The rest of my thoughts on the subject will be apparent as I respond to this article. I've included it here in its entirety, with my responses interspersed in blue type. (NOTE: I'm not the only one who has problems with this article. Another strong response can be found here.)


The battle of the sexes is alive and well. According to Pew Research Center, the share of women ages eighteen to thirty-four that say having a successful marriage is one of the most important things in their lives rose nine percentage points since 1997 – from 28 percent to 37 percent. For men, the opposite occurred. The share voicing this opinion dropped, from 35 percent to 29 percent.

Believe it or not, modern women want to get married. Trouble is, men don’t.

The so-called death of good men (read: marriageable men) has been a hot subject in the media as of late. Much of the coverage has been in response to the fact that for the first time in history, women have become the majority of the U.S. workforce. And yet the national average shows that women still earn only 77% of what men earn doing the same jobs. Women earn less than men across all racial and ethnic groups. Women are still more likely to work stereotypically "feminine jobs" like nursing, teaching, secretary work and housekeeping. They’re also getting most of the college degrees. The problem? This new phenomenon has changed the dance between men and women. So...should women NOT be educated?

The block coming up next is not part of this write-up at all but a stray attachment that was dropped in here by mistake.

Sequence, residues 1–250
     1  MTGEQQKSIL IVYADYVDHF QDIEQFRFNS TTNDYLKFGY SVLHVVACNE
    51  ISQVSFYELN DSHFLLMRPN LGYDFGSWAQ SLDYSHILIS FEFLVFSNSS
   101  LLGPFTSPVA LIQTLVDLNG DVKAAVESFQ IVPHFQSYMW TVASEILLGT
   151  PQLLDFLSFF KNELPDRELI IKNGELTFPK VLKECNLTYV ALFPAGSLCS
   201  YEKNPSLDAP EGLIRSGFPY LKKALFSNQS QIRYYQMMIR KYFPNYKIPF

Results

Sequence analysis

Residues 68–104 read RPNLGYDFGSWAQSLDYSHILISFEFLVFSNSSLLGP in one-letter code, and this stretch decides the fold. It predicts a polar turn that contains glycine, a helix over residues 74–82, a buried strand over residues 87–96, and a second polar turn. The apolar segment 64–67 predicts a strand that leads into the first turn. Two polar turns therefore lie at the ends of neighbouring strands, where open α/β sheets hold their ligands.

As the author of three books on the American family and its intersection with pop culture, I’ve spent thirteen years examining social agendas as they pertain to sex, parenting, and gender roles. During this time, I’ve spoken with hundreds, if not thousands, of men and women. And in doing so, I’ve accidentally stumbled upon a subculture of men who’ve told me, in no uncertain terms, that they’re never getting married. When I ask them why, the answer is always the same.